Read full article, here . The next esteemed Latin America: Stories That Drive Change speaker we would like to highlight is Mike Davis. Mike Davis is a legend and a genius. He is responsible for some of the most important photo editing of our time and has led some of the..
TO DO OR NOT TO DO By Mark Murrmann Director of Photography at Mother Jones Magazine Consider the medium in which you're pitching work. Establish a relationship. Working is long-term. Yes, there are exceptions for all of these points. This is beyond the basics of, spell the editor's name correctly. Be Selective when Tagging. Carpetbomb tagging an editor in every photo you've ever posted on Instagram is typically not an effective way to pitch your work/yourself to them. Respect the Story. Are you pitching a story that is important to you? Do you want it to get published? Pitch it with a little respect to the story – a Twitter thread doesn't cut it. Tagging a photo editor in a Facebook post doesn't either. Neither does a text message. No texting. Does the editor work at a magazine with a staff? Unless you hear otherwise, it's is probably best to email the editor at email@example.com. If you find their personal number on their personal website (some editors freelance too), it's not a great idea to drop them a text to see if they got your photo essay proposal that you sent a couple hours ago. Share your work. Do not send an email to ask if an editor wants to see your work. Just send it. They're expecting it. Happens every day, all the time. Put your name on it. If you make a photo zine – or any other kind of promo – put your name on it, especially if you send it to editors without any note or return address or anything to indicate who it's from. And while you're putting your name on your promo, may as well add where you're located and some contact info. The "but I'll travel anywhere" doesn't really cut it. It's helpful to know where people are currently located. Expect to get paid. Do not pitch a story and tell an editor you don't expect to get paid for it. You should always expect to get paid for your work. If you feel comfortable giving your work away for "exposure," let the editor broach that. But DO NOT offer you work for free right out of the gate. Show specific projects, not a walkthrough of your website. While meeting someone face to face is always good, if you meet with an editor and just show them your website, you’re wasting your time and theirs. Know what the Magazine recently published. If a magazine just did a large story on a particular subject, they most likely won't be able to also use your story on the exact same subject. Know who you're pitching to. Are you a lifestyle photographer who shoots happy white people running through golden, sun-drenched grasslands, and you sometimes dabble in yummy food photography? While it's good to be open to all kinds of photography, you're likely not a photographer we can work with. Don't get bent outta shape about it; and definitely, don't argue with the editor. A warning before shocking us is advised. Are you taking naked pictures of vampires drenched in "blood" in bathtubs? A NSFW warning would be welcome. Also, HARD PASS. Give the editor time to respond. Following up on pitches is good, but give the editor a little time to get to it. A week or more is good. And rest assured – if you send a story and the editor likes it, they're going to get in touch. It's all about perspective. Don't take everything a photo editor says as gospel. They're all opinionated, they're all busy. Some are kind and constructive; others are grouchy and some are just assholes. Use common sense and take everything a photo editor says with a grain of salt. Remember editors are human. Do not pitch stories via social media (Instagram, Facebook, Twitter), particularly if you don't already have a relationship with the editor. If you feel inclined to do so, DEFINITELY don't do this when it is 5 a.m. where the editor lives. Not every editor silences or turns their phone off at night. Being woken up early by a Facebook messenger pitch is a quick way to get your work rejected. - // - Mark Murrmann is photo editor at Mother Jones magazine. Mark came to Mother Jones in 2007 with a background as a photojournalist, working as a contract photographer with ZUMA Press. He studied photography at UC Berkeley's Graduate School of Journalism and then in London as a student winner of the Alexia Foundation Photography Grant. By Mark Murrmann Director of Photography at Mother Jones Magazine Follow Mark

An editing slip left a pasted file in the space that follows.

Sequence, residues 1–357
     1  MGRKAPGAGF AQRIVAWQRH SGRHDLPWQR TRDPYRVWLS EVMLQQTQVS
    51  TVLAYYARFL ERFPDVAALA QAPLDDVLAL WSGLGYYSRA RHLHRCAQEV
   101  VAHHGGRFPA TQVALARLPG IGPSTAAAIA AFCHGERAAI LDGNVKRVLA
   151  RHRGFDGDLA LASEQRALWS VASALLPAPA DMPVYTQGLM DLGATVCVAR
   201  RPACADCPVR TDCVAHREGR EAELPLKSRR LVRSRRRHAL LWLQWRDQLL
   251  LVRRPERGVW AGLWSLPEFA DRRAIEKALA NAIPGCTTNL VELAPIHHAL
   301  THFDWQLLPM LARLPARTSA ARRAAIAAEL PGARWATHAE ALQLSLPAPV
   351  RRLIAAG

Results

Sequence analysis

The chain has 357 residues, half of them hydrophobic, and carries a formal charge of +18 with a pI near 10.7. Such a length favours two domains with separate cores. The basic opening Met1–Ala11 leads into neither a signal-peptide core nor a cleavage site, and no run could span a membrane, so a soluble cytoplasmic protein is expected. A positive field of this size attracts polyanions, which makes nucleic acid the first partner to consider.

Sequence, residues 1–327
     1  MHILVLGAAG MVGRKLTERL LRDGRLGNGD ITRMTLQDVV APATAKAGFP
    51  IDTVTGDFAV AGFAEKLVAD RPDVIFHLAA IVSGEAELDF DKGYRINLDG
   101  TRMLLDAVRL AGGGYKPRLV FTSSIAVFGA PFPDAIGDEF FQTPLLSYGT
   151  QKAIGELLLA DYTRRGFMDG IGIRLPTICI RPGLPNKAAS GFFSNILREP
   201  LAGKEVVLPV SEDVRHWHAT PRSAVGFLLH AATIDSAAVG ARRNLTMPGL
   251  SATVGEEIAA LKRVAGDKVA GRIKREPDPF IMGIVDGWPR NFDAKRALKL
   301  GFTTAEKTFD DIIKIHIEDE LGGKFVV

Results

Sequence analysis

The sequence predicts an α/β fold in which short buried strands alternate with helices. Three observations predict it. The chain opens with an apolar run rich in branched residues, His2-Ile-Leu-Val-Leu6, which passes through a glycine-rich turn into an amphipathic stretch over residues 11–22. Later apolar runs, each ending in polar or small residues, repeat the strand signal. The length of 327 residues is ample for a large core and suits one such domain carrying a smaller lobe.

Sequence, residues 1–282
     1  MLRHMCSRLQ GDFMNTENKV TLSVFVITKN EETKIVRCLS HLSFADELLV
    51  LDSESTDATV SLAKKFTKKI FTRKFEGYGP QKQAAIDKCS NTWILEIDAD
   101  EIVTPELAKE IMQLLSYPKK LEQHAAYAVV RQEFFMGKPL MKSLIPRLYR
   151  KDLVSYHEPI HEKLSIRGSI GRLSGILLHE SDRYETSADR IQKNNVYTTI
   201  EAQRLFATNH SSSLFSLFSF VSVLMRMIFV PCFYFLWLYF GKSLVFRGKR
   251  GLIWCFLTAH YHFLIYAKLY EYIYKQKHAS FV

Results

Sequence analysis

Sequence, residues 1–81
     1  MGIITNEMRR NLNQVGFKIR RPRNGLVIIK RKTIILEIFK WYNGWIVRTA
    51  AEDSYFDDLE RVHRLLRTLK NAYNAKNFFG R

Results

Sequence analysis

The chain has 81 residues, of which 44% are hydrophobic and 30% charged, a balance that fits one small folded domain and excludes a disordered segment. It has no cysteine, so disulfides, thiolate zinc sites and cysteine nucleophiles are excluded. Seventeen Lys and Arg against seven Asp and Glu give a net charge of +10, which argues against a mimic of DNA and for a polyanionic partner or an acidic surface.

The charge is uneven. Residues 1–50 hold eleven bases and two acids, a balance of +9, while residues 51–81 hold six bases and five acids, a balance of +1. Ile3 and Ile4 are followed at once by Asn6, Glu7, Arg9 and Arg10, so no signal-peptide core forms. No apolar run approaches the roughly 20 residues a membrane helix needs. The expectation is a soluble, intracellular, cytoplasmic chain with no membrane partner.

By Scott Thode Editorial Director, Visura Make your Projects public. Public Projects are visible on your profile page and to the Visura community at large. If you're using the Site Builder to share your work, be sure to use Project pages (not Landing pages or Text pages). Only..
5 Ways to Connect 1. Create a project on your Dashboard or Site Builder. Under project privacy, select Public for Visura Editors. This will: A) stream your project on editors’ dashboard; and B) email your project directly to the editors at large via our 2 x week email-updates. 2. Publish..
Submission to Visura Grants and Open Calls is free for our members. While we encourage new members to join Visura ( review costs ), we actively discourage new users from joining for the sole purpose of applying to a contest. We believe in a better model and we seek to create an alternative to..